If I’m being honest, these questions are tough to answer because I feel as though I’m being asked to fit inside of a box. My story isn’t perfect edges or 90 degree angles. Instead, it zips and zags. The corners are sharp and difficult to measure. It is constantly transforming but it continues to stand tall and strong. This shape is me.
My parents were Ill. They suffered from mental illness and alcoholism. So even before their deaths, we encountered financial instability. We mostly lived paycheck-to-paycheck. My mother never worked because it would have been impossible for her to hold a job. Her name was Karyn. My dad did work. He held a job for 30+ years. He tried extremely hard to keep the household finances in order but as their diseases progressed, the money became harder to keep track of. His name was John. My father’s life insurance expired after his retirement and he denied ever receiving money after my mother’s death. I do not think life insurance would have made any difference for us then. My father would have spent the money on his addiction, so actually, I’m glad we never received any. As for his own life insurance, it would have given me the chance to invest it and watch it grow, securing my own financial future.
I learned to be independent at an early age. I couldn’t afford not to. My parents couldn’t take care of themselves, let alone a child. When I wasn’t living with them, I was living in foster homes where everything, including food and love, were luxuries. I made this decision for myself (called social services myself), despite it being extremely difficult, because if I hadn’t I don’t think I would have had a future otherwise. School was my saving grace and the idea of attending college one day kept me going. Their deaths only made this desire stronger. I didn’t have a cent to my name so I applied for financial aid and acquired loans to make it through every semester. With my degree, I hope to live and work in Latin America, working in socio-economic development, empowering women who are forced to face hardships everyday.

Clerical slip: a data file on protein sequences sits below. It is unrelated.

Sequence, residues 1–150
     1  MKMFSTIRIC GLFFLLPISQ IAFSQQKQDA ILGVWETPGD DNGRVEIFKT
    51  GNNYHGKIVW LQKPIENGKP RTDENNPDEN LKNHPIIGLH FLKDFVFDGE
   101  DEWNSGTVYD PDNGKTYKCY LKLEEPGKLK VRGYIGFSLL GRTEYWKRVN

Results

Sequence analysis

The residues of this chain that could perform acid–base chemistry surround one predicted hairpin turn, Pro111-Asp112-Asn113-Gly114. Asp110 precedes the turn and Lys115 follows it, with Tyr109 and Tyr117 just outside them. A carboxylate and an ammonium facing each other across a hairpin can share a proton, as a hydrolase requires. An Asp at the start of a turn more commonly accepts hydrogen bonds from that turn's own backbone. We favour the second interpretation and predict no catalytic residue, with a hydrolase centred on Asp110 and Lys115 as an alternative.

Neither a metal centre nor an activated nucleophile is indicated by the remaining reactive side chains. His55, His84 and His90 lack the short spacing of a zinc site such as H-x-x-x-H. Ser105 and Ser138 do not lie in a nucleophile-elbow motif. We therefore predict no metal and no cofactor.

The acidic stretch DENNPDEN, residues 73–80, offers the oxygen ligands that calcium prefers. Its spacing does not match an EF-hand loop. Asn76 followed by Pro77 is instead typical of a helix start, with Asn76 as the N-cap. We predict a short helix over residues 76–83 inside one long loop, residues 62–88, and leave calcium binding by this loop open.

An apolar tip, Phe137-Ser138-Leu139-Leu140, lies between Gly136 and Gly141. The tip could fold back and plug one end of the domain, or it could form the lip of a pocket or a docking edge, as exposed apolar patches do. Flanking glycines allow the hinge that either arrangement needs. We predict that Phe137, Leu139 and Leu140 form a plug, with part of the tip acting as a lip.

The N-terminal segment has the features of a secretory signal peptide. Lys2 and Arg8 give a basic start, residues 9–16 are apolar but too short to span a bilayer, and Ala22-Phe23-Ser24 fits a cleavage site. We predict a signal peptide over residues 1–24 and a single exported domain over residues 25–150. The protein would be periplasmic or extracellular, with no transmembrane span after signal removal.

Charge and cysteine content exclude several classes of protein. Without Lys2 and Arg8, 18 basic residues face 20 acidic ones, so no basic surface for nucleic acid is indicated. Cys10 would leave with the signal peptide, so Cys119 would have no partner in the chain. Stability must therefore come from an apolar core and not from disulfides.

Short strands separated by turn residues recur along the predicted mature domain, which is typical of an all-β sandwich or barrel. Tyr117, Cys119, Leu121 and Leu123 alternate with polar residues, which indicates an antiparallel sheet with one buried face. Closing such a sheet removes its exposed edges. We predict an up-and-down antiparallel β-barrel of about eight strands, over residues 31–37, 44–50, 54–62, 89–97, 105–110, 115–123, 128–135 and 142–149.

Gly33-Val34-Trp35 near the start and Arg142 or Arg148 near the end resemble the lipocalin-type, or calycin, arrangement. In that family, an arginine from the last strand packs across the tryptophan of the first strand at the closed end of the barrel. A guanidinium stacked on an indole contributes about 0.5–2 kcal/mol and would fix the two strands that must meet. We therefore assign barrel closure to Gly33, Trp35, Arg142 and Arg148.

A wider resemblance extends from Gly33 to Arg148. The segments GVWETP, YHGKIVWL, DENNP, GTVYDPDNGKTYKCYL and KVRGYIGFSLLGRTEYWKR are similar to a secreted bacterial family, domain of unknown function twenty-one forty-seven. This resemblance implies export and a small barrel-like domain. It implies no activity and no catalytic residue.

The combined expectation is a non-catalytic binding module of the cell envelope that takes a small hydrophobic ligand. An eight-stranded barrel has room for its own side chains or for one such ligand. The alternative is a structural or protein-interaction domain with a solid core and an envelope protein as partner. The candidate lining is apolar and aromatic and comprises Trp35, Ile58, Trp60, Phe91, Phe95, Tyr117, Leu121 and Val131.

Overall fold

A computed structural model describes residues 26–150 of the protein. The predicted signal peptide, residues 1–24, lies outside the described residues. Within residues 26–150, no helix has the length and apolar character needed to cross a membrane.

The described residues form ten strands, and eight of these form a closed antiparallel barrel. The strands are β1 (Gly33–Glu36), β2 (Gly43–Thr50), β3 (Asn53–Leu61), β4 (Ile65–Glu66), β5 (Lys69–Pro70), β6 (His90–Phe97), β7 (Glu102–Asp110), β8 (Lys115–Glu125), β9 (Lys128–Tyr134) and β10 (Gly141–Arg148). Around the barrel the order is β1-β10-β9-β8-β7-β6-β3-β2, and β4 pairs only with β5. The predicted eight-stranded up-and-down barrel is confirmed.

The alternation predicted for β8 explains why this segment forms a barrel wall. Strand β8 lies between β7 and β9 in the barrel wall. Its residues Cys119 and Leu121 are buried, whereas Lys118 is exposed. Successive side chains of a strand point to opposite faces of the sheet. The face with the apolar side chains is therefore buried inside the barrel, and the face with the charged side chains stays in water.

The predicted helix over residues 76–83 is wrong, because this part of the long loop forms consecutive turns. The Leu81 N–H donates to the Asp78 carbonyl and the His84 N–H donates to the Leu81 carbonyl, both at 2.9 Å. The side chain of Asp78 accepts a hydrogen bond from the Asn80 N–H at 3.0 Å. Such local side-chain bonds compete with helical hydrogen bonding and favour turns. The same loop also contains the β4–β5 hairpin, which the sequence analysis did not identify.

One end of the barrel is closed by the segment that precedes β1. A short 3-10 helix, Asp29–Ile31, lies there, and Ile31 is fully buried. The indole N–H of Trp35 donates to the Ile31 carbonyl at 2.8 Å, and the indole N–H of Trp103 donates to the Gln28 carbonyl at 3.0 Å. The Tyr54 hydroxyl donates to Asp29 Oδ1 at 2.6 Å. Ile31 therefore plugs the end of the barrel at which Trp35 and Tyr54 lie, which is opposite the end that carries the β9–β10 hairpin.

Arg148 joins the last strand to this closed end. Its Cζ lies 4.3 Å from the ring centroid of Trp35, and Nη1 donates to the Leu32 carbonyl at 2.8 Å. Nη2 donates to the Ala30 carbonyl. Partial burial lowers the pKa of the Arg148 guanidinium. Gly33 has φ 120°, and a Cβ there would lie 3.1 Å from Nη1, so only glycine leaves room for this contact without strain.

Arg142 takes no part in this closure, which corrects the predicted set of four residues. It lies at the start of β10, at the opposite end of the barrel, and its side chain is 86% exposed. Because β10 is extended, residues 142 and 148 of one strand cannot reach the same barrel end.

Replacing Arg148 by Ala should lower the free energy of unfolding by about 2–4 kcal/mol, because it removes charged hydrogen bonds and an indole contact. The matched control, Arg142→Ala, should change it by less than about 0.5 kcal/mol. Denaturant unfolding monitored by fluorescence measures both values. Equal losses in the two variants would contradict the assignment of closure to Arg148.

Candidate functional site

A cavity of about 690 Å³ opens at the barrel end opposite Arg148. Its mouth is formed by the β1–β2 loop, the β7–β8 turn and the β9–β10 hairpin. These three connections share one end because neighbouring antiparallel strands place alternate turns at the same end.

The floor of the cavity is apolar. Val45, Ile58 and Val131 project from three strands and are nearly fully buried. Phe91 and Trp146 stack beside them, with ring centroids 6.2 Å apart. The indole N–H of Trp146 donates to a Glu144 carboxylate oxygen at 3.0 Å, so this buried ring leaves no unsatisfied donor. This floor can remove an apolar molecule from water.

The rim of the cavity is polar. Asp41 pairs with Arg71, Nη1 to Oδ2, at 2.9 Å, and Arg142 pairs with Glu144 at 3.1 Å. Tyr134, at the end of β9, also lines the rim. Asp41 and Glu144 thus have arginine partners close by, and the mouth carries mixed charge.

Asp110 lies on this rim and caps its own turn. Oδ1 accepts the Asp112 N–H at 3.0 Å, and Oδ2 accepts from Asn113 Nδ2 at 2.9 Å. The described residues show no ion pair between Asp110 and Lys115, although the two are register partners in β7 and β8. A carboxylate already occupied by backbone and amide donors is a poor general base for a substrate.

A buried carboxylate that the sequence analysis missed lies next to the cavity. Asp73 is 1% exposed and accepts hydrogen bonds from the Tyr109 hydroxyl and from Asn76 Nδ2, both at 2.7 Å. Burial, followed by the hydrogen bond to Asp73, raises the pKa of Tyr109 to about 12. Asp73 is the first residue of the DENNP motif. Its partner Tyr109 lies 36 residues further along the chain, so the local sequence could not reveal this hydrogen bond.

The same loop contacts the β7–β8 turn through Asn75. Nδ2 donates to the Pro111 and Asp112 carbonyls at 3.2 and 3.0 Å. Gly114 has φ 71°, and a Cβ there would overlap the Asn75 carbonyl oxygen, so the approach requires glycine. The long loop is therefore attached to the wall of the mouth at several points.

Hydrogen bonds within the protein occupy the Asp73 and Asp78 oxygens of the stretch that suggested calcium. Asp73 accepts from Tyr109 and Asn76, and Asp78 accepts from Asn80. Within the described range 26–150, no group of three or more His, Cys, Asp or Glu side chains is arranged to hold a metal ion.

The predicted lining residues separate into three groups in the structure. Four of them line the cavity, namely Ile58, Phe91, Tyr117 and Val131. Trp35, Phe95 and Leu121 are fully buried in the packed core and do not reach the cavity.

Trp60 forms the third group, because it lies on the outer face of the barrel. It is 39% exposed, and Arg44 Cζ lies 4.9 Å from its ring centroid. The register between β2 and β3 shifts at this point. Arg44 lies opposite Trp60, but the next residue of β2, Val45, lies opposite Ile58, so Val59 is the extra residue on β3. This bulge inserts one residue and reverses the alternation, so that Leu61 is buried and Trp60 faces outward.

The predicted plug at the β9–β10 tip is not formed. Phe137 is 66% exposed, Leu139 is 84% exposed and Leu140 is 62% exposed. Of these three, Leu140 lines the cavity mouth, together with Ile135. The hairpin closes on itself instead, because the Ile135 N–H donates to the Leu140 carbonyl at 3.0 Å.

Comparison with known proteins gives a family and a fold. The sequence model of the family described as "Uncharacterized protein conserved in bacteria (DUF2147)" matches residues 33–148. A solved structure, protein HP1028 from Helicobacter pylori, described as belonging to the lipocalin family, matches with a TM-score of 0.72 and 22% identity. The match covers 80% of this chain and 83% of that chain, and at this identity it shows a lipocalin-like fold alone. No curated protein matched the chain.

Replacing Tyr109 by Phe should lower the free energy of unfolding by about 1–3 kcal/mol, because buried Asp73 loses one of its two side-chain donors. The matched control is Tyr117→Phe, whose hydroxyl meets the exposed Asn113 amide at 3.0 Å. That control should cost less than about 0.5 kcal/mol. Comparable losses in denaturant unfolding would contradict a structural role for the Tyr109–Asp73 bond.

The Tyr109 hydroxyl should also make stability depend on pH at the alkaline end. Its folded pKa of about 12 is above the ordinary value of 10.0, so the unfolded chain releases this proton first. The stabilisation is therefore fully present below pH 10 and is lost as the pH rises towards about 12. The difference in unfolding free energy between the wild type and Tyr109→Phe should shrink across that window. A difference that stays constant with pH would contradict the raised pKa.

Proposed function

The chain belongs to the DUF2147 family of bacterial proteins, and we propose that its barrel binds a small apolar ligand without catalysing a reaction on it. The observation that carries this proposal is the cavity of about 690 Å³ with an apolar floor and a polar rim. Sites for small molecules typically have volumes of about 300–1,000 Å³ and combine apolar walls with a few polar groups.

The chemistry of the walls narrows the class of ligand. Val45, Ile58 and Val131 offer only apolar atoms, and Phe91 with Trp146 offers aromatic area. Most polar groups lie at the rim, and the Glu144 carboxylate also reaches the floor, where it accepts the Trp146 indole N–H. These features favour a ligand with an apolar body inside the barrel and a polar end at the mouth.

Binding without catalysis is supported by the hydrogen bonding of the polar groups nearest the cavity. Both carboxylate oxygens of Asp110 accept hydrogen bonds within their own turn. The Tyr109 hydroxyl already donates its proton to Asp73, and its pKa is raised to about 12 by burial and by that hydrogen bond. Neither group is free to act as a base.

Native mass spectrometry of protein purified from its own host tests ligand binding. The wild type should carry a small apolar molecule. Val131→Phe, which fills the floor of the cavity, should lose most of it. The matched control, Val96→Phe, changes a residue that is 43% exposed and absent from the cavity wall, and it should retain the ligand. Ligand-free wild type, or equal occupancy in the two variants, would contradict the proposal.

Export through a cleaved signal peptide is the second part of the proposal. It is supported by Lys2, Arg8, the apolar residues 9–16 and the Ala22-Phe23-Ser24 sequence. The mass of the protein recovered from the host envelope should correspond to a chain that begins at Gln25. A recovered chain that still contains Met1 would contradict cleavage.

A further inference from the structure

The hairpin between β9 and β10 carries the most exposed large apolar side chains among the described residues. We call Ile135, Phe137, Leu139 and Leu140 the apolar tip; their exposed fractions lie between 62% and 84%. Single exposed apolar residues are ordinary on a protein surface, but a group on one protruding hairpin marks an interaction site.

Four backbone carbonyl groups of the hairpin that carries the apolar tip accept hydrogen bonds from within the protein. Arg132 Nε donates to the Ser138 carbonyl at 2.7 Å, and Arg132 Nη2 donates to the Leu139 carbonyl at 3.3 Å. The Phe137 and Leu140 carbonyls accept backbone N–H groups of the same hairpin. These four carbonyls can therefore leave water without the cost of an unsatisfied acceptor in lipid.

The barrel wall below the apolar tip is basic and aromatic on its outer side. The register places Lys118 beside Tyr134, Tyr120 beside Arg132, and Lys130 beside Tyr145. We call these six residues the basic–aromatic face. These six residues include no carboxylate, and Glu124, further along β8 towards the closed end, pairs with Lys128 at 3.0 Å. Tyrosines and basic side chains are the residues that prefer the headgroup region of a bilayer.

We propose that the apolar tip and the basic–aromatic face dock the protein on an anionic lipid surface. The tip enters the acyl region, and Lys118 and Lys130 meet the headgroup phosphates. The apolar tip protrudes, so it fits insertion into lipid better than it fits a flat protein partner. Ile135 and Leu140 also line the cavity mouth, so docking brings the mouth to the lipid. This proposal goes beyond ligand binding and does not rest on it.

Like my parents, I too have struggled with depression. However, unlike my parents, I’ve learned that it is necessary to ask for help. I’m close to graduating and I have a job in which I am proud of. I will not live like my parents did but I will live in their honor because they were my greatest teachers. In fact, applying to this scholarship is a testimony to this. This is the first scholarship I have ever applied to. For a long time, I felt undeserving of them. I have since learned that if you never ask, the answer will always be no. I chose this scholarship specifically because I wished to share my story, hoping it would inspire others. The deaths we’ve experienced do not define us. The lives we live will.